The High Court’s acknowledgement that control orders based on secret evidence are unlawful, and the possibility of compensation for those affected, doesn’t help those facing deportation on the basis of secret evidence.
On 18 January 2010, a High Court judge paved the way for a number of Muslim men who have been subjected to control orders in the past four years to sue the Home Office for damages by quashing the orders on the basis that they were made illegally.
One of the claimants in the High Court, known as AF, a dual UK/Libyan national, who was born in 1980 in the UK to a Libyan father and a British mother, was served with a control order in May 2006. The order confined him to his flat for 18 hours a day (reduced to 14 hours after the House of Lords ruled an 18-hour curfew illegal later that year) and subjected him to severe restrictions on his visitors, on where he could go and who he could meet during his six hours outside the flat, required him to wear an electronic tag at all times, to report his comings and goings and to expect searches of the premises at any time of the day or night, and banned him from having a mobile phone or a computer. Any breach of the order could result in five years’ imprisonment, and at various times in 2006 and 2007 AF was detained on allegations of breach of the order, for over six months in total.
The basis of the order was said to be links with alleged ‘Islamist extremists’ in Manchester, some of whom were alleged to be members of the Libyan Islamic Fighting Group (LIFG), which was proscribed under the Terrorism Act in October 2005. There was no suggestion at any time that AF was ever a member of LIFG, and the evidence supporting the control order was almost entirely secret. The control order was renewed yearly until it was revoked in August 2009, after the House of Lords ruled that AF and the other men subjected to them had to be told enough about the allegations forming the basis of the order to be able to respond to them. Rather than provide the information, the Home Office revoked AF’s order.
AF had been restricted under the order for over three years. His situation was typical of the men on control orders – draconian and punitive restrictions, imposed with no proper reasons given, and continued for years. Even when the orders have been quashed, as in AF’s case, the men are no wiser as to why they had been imposed in the first place.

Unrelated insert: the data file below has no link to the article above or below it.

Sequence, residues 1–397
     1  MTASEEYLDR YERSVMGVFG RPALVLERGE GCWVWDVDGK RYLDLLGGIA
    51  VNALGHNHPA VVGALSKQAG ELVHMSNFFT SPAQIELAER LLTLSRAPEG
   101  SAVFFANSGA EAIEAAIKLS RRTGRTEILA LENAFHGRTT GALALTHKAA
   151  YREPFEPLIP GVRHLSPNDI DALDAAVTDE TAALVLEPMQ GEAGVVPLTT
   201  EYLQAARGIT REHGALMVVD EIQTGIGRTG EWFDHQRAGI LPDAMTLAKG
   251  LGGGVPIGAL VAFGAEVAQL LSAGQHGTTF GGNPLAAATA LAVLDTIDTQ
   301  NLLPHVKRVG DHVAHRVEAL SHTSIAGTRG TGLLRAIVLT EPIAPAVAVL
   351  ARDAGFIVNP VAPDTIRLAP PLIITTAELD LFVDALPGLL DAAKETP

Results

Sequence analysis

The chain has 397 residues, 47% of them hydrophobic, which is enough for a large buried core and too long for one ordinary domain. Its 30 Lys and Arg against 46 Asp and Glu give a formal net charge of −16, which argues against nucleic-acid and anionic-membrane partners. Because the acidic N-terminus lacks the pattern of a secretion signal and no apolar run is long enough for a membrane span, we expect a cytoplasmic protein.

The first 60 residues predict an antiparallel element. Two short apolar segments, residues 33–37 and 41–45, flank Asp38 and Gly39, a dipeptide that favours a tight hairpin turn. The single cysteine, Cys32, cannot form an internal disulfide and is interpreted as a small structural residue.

The High Court’s decision, that the Home Office refusal to reveal the allegations justifying the orders renders them unlawful, paves the way for compensation claims by the men affected, although the judge indicated that the amounts awarded were unlikely to be large assuming that the orders had been made in good faith.
Of course, not all the control orders which the Home Office has made since their introduction in March 2005 have been quashed, or will be quashed as a result of this judgment. The ruling only affects those made wholly or largely on the basis of closed, secret evidence which deprived the controlled persons of the right to know the case against them and to answer it.
But neither the High Court ruling, nor the earlier House of Lords ruling in June 2009, helps another group of people against whom orders are made on the basis of secret evidence – those ordered to be deported on national security grounds. Of the dozens of Algerians, Jordanians, Tunisians, Pakistanis, Libyans, Iraqis and others finding themselves before the Special Immigration Appeals Commission (SIAC) fighting deportation, a large number are as ignorant of the basis of the decision as those fighting control orders. While they are entitled to demand reasons for detention, they are not entitled to know the reasons for their deportation, or for being subjected to control-order-style restrictions for many years as their appeals crawl through the courts. In November 2009, the Court of Appeal gave permission for seven men facing deportation orders on the basis of secret evidence to argue that the same rules of procedural fairness apply to them. Their case is likely to be heard in the spring of 2010.
The Coalition Against Secret Evidence (CASE) is campaigning for those facing deportation, deprivation of citizenship or other important adverse decisions, to be afforded the same rights of natural justice as those on control orders. The campaign includes an e-petition against secret evidence, see here.